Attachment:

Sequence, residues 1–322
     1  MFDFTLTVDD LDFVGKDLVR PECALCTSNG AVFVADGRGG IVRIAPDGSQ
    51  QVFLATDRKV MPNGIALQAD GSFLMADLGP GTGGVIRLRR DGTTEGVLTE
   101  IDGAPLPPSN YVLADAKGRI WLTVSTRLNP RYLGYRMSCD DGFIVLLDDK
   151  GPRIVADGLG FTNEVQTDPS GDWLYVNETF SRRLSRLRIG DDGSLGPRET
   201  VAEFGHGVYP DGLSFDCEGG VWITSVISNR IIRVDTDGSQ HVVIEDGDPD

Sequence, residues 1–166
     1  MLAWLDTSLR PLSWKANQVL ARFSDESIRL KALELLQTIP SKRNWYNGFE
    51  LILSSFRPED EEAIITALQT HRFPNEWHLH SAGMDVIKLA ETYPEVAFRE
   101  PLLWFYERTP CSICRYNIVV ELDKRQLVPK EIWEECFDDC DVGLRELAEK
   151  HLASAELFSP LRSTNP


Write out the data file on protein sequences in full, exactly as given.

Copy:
Sequence, residues 1–322
     1  MFDFTLTVDD LDFVGKDLVR PECALCTSNG AVFVADGRGG IVRIAPDGSQ
    51  QVFLATDRKV MPNGIALQAD GSFLMADLGP GTGGVIRLRR DGTTEGVLTE
   101  IDGAPLPPSN YVLADAKGRI WLTVSTRLNP RYLGYRMSCD DGFIVLLDDK
   151  GPRIVADGLG FTNEVQTDPS GDWLYVNETF SRRLSRLRIG DDGSLGPRET
   201  VAEFGHGVYP DGLSFDCEGG VWITSVISNR IIRVDTDGSQ HVVIEDGDPD

Sequence, residues 1–166
     1  MLAWLDTSLR PLSWKANQVL ARFSDESIRL KALELLQTIP SKRNWYNGFE
    51  LILSSFRPED EEAIITALQT HRFPNEWHLH SAGMDVIKLA ETYPEVAFRE
   101  PLLWFYERTP CSICRYNIVV ELDKRQLVPK EIWEECFDDC DVGLRELAEK
   151  HLASAELFSP LRSTNP